[Image courtesy of galleryhip]
One of the things I love the most about election administration is that, behind all of the laws and technology, the process is still deeply and intensely human. I was reminded of that by a story in today’s New York Post that reveals that some voter records list strange birthdates because some people simply don’t like to reveal how old they are:
A single Bronx voter listed in official records as being 164 years old led Board of Elections officials to review their files — where they turned up another 849 New Yorkers who were supposedly alive when Abe Lincoln was president.
The stunning discovery came after The Post reported last week that the birth date of Luz Pabellon, a spry 73-year-old who has been living and voting in The Bronx since the 1970s, was recorded as Jan. 1, 1850.
This week, a search of the records in all five boroughs found 849 more voters with the same wacky birth date.
The issue is traceable to that thoroughly human tendency to deflect or refuse to answer questions about one’s age:
Board officials chalked up the implausible age snafu to previous practices that allowed residents not to provide their exact birthdays when registering to vote.
Some of the new voters — mostly women — simply wrote that they were “21+” — above the legal voting age.
There was a reason to be vague. Voter registration records are open to the public, so anyone with the inclination can discover the real age of anyone in the files.
“It’s a left-over vestige from a bygone era,” explained Board of Elections executive director Mike Ryan.
The magic number of 164 is purely an artifact of an arbitrary date chosen to flag such missing records in the system:
“They were all listed as age 164. This was no accident. It’s a little quirk in the system. It’s not widespread,” [Ryan] added, noting there are more than 4 million registered voters.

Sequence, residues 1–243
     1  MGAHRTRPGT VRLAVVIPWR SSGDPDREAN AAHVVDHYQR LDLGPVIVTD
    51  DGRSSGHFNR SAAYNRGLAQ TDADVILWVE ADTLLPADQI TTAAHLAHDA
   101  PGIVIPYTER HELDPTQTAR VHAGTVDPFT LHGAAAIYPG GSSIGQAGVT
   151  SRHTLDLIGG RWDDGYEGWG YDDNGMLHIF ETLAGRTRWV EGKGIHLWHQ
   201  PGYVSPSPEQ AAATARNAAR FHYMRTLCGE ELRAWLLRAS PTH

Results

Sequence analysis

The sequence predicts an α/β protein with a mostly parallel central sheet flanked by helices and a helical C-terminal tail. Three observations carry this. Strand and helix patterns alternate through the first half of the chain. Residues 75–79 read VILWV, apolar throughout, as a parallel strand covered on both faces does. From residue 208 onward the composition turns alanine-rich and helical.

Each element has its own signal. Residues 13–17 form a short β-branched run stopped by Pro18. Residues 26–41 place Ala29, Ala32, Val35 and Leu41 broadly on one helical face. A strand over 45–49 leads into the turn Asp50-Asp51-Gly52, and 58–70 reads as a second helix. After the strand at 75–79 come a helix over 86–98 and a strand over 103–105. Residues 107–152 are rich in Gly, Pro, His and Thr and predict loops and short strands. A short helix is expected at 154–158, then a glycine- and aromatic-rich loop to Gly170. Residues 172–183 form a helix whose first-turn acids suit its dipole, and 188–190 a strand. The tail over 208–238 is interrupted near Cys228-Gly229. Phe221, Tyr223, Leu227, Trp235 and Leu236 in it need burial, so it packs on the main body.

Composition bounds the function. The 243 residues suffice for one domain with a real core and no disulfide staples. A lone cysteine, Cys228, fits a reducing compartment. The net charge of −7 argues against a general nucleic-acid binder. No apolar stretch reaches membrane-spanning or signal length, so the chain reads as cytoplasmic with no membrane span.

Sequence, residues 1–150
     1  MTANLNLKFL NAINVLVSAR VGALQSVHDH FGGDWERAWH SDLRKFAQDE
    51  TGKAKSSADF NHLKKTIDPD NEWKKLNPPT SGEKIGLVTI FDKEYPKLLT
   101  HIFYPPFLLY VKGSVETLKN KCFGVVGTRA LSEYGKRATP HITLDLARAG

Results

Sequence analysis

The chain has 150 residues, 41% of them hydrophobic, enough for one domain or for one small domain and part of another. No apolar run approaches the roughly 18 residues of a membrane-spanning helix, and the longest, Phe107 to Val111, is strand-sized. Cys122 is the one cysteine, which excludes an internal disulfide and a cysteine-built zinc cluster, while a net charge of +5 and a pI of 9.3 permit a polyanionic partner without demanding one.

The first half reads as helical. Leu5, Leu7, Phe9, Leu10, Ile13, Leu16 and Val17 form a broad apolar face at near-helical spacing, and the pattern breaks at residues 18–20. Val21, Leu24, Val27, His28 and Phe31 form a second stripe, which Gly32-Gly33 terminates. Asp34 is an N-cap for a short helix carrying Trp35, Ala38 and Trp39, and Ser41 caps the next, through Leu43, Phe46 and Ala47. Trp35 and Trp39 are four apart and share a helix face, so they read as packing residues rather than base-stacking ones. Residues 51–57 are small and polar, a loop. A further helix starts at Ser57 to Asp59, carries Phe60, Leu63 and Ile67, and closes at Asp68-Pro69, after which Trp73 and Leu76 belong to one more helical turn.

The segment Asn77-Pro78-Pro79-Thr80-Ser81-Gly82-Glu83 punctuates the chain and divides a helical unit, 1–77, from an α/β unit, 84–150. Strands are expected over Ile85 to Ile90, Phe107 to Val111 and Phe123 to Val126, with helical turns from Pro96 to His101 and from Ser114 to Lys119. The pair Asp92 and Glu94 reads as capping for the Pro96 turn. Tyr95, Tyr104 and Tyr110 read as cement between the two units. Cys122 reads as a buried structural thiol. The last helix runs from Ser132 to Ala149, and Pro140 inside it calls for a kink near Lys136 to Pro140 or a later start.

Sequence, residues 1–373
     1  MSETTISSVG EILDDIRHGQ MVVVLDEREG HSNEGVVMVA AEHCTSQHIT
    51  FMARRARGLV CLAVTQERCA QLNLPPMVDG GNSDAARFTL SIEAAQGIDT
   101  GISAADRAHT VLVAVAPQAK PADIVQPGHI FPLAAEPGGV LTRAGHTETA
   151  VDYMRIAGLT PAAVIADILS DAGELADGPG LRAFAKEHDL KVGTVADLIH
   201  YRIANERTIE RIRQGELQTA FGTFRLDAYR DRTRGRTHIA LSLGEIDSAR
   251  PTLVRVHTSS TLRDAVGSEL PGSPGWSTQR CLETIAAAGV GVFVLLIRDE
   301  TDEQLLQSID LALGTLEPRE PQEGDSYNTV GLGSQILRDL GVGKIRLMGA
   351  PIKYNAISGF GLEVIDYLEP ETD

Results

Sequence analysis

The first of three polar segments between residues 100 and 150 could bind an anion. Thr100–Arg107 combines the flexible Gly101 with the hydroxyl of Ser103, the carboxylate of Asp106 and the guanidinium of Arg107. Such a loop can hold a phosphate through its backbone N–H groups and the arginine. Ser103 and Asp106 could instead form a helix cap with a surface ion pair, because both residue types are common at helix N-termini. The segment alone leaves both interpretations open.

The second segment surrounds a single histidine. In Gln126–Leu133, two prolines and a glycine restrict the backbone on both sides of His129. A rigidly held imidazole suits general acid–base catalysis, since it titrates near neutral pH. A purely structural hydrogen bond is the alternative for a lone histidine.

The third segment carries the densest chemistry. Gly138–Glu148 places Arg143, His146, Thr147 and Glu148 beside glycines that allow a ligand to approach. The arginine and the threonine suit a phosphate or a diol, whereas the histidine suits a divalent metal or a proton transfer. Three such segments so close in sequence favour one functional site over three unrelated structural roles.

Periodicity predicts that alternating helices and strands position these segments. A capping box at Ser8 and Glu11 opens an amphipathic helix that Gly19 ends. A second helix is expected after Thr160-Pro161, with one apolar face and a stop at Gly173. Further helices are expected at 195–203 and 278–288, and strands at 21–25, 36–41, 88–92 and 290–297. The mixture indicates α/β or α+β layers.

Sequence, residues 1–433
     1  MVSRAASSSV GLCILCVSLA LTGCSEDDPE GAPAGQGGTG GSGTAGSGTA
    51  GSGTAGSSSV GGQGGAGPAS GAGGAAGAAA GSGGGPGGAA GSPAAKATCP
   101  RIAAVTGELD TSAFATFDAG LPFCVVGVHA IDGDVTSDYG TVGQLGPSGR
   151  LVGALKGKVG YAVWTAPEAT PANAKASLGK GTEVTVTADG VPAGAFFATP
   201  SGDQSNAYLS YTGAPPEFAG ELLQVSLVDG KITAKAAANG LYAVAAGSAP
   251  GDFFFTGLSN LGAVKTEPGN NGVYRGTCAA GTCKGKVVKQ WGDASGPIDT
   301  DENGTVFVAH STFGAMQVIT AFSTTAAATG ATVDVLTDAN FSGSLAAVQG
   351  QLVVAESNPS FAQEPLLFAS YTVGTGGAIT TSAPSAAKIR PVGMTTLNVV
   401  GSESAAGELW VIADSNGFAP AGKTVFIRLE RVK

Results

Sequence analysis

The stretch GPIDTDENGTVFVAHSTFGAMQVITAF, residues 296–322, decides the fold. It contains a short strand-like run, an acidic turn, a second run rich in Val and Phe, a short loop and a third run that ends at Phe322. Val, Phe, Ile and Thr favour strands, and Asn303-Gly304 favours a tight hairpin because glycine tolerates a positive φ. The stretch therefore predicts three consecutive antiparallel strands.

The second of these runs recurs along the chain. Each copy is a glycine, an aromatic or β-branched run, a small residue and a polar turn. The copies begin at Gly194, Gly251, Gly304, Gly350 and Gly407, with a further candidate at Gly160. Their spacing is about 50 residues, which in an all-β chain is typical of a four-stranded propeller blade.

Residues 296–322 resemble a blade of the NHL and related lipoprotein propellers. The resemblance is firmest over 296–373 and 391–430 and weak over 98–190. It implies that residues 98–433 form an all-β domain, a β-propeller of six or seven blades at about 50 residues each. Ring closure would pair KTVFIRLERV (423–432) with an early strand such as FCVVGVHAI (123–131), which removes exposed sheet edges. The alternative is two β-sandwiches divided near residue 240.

The board switched to computerized databases in 1999 and 2006.
To comply with state rules, election officials were required to write in a specific date of birth for all voters — or remove them from the rolls.
Officials twice sent out notices imploring the 164-year-olds to provide their real birth dates.
Most ignored the requests.
Since they registered under the old system, the board grandfathered them and listed 01/01/1850 as their DOBs in the electronic voting rolls.
And that’s where things still stand as of today.
Newer New York voters (those who registered after 2006) don’t have the option to mask their age, and will be declared ineligible if they don’t provide a true birthdate. But for the pre-2006 voters, the challenge of identifying birthdays will continue:
During a meeting Tuesday, Board of Election commissioners and Ryan discussed ways to fix the age-old [Pun intended? Please say yes – ed.] problem. They discussed sending out another letter pleading for the real dates of birth or even having staffers try to contact the 850 by telephone.
To prevent fraud, officials would still need a written statement from voters certifying their age, even if they divulge it over the phone.
Ryan said the matter will be revisited after the Nov. 4 election.
Problems like this may begin to ease as more jurisdictions use data-matching with other databases – but for now, those “ageless” New Yorkers will remain on the rolls.
For them, let me be the first to with them a Happy 165th Birthday this New Year’s Day.